Thriller

Alfred Hitchcock – Mary (1931)

A juror in a murder trial, after voting to convict, has second thoughts and begins to investigate on his own before the execution. German version of “Murder. (ımbd) Read More »

Elia Kazan – Panic in the Streets [+Extras] (1950)

Synopsis from AMG:
Filmed entirely on location in New Orleans, Panic in the Streets stars Richard Widmark as a city medical officer, racing against time to stop a plague epidemic. The carrier was an illegal alien, who has been murdered by criminals Jack Palance and Zero Mostel. At first facing opposition from rule-bound police captain Paul Douglas, Widmark is finally able to work hand-in-glove with Douglas in tracking down Palance and Mostel, who have themselves become plague carriers. Many of the actors in Panic in the Streets are local nonprofessionals, selected by director Elia Kazan because of their “rightness” within the framework of the story; the rest of the cast is peopled by such film veterans as Barbara Bel Geddes, Tommy Cook, Emile Meyer and H.T. Tsiang. Widmark’s son is played by an uncredited Tommy Rettig, four years before he starred on the Lassie TV series. Though Elia Kazan liked to claim that much of Panic in the Streets was improvised, there was a script, adapted by Richard Murphy and Daniel Fuchs from a story by Edward Anhalt and Edna Anhalt. — Hal Erickson Read More »

Christoph Hochhäusler – Dreileben – Eine Minute Dunkel AKA One Minute of Darkness (2011) (HD)

The Dreileben trilogy comes to a nail-biting close with director Christoph Hochhäusler’s expert thriller, which also brings escaped felon Molosch—a peripheral character in the first two parts—into sharp focus. Hot on the killer’s trail, grizzled police inspector Marcus (Eberhard Kirchberg) tries to put himself inside the mind of the criminal, even as he begins to wonder if the condemned man really is guilty as charged. Meanwhile, as Molosch (brilliantly played by Stefan Kurt) flees deeper into Dreileben’s possibly enchanted forest, he has an unexpectedly tender encounter with a young runaway girl—scenes that echo the Frankenstein story and transform One Minute of Darkness into a dark, memorably strange fairy tale. Read More »

Marcel Ophüls – Faites vos jeux, mesdames AKA Make your Bets, Ladies (1965)

Synopsis
Exciting Eddie Constantine outing finds Eddie playing a special agent searching for missing NATO weapons. When he encounters a scientist who has invented a ring that emits a paralysis spray, the hard-boiled spy saves the day with some very Bondian heroics… Read More »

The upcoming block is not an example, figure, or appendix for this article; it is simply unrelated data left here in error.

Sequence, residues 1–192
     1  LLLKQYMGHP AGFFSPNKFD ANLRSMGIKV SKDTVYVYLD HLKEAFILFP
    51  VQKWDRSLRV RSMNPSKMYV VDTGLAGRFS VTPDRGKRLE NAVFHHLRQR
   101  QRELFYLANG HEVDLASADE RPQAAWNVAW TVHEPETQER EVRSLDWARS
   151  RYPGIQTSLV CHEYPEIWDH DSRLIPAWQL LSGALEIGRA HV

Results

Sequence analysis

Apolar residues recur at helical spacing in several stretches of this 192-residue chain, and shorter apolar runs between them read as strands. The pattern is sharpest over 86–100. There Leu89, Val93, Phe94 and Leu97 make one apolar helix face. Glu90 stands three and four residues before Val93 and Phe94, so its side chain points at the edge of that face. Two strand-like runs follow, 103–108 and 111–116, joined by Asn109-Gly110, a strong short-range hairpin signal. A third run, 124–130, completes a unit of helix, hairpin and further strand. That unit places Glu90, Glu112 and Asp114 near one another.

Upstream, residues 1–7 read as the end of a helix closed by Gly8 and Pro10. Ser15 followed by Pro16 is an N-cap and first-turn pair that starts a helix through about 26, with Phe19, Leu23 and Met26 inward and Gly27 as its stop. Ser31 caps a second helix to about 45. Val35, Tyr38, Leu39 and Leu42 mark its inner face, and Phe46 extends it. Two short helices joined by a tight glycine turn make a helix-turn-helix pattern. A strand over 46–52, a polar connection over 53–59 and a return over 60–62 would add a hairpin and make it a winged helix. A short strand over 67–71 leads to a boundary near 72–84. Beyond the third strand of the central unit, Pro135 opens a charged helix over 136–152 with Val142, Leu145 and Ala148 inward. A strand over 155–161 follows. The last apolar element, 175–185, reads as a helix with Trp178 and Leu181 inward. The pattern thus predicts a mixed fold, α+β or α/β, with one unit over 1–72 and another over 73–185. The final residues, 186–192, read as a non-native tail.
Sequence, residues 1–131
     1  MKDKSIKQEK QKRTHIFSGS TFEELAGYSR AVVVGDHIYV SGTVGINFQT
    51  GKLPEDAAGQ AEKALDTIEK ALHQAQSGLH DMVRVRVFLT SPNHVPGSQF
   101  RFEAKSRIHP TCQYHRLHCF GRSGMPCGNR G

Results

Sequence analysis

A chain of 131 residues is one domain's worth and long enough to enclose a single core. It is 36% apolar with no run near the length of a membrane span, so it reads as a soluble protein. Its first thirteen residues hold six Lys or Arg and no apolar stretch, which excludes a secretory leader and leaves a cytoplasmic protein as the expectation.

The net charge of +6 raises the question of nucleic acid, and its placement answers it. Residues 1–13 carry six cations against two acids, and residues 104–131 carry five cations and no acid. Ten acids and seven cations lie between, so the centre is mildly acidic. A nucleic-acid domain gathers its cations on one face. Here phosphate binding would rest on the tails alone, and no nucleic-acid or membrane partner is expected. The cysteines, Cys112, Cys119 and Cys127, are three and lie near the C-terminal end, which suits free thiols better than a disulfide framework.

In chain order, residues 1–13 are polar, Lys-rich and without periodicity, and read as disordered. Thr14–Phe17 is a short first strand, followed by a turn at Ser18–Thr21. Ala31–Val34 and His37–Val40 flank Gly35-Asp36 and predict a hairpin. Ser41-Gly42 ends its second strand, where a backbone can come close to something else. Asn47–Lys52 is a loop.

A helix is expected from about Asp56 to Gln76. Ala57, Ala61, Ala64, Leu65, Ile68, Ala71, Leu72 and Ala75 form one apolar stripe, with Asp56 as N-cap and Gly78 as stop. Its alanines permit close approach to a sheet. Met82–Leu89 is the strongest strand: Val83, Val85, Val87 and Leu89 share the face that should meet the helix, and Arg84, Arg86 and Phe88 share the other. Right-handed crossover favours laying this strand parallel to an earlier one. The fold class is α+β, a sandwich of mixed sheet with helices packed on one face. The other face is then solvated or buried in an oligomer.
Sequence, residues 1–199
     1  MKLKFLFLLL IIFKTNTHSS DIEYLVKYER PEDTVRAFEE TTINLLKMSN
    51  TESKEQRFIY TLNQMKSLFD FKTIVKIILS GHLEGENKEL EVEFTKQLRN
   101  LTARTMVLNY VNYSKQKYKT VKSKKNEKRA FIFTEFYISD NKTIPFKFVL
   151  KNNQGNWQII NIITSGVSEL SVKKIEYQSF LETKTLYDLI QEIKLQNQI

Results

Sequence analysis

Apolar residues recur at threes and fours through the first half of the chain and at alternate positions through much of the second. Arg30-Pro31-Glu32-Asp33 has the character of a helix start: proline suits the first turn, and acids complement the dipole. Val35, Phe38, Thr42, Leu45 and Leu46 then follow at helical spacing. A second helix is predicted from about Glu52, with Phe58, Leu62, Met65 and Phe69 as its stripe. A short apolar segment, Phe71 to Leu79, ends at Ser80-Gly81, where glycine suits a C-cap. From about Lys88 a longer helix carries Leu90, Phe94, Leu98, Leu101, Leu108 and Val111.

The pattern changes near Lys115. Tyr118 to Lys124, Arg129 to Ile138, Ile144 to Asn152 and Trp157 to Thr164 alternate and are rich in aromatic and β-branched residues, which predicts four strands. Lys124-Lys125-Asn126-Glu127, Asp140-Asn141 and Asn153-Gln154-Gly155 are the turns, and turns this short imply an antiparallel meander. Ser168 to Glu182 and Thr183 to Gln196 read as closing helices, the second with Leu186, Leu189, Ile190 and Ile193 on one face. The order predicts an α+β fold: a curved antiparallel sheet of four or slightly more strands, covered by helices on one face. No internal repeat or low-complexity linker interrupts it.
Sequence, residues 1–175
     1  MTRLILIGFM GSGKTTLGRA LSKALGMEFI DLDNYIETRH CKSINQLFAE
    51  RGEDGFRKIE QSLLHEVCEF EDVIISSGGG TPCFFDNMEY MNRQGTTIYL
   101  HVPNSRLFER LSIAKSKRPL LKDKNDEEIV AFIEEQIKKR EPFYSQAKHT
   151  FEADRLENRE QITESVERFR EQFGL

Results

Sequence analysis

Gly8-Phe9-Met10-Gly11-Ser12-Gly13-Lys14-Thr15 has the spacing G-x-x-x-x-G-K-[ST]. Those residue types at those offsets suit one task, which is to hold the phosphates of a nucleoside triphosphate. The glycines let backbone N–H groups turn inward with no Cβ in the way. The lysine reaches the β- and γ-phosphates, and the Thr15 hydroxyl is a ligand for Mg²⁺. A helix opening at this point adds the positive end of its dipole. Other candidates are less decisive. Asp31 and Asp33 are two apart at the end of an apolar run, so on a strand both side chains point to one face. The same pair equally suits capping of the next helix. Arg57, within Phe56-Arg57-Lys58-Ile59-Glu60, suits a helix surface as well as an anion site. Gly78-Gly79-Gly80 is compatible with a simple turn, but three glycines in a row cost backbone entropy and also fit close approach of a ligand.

Peter Bogdanovich – Targets [+Extras] (1968)

Variety.com wrote:
Saticoy. Director Peter Bogdanovich; Producer Peter Bogdanovich; Screenplay Peter Bogdanovich; Camera Laszlo Kovacs; Editor [uncredited]; Art Director Polly Platt

Boris Karloff
Tim O’Kelly
Nancy Hsueh
James Brown
Peter Bogdanovich

A good programmer, within low budget limitations, about a sniper and his innocent victims. A separate, concurrent sub-plot features Boris Karloff as a horror film star who feels he is washed up. Both plot lines converge in an exciting climax. Read More »

Budd Boetticher – The Killer Is Loose (1956)


29f7c043f76a2bde437fd0d52a185152

Plot:
A bank robber’s (Wendell Corey) wife is shot during his arrest by a cop (Joseph Cotten). He escapes to kill the cop’s wife (Rhonda Fleming) as retribution. Despite the cop’s protest, the police decide to use Fleming as a lure. From Warner Brothers Website! Read More »

Giuliano Biagetti – Interrabang (1969)


29f7c043f76a2bde437fd0d52a185152

IMDb comments:
This movie is kind of a combination of an early “Diabolique”-style giallo with lots of plot twists and turns, and an island paradise sex romp in the spirit of such films as “The Seducers”, “Il Dio Serpiente”, and “Wave of Lust”. It is more arty, or some might say more pretentious than most gialli or most island-lust flicks. It kind of resembles a couple Antonioni films like “La Aventurra” or (especially at the end) “Blow Up”. A photographer is sailing with his wife (Beba Rancor), her sister (Haydee Politoff), and his nymphomaniacal model (Shoshanna Cohen). He leaves the three women alone to get a part for his boat. A mysterious man (Umberto Orsini)shows up, who might be an escaped criminal the police are searching for. This doesn’t alarm the three women too much, and he rapidly seduces each of them. Nor are they particularly worried about the dead body of a police officer that appears and then vanishes. These woman are such bored, jaded bourgeoisie types that they don’t even seem to care that this handsome stranger might be planning to kill them. The ending combines the surprise plot twists of “Diabolique” and the reality-confounding denouement of “Blow Up”, and throws in yet another nasty surprise to boot. Read More »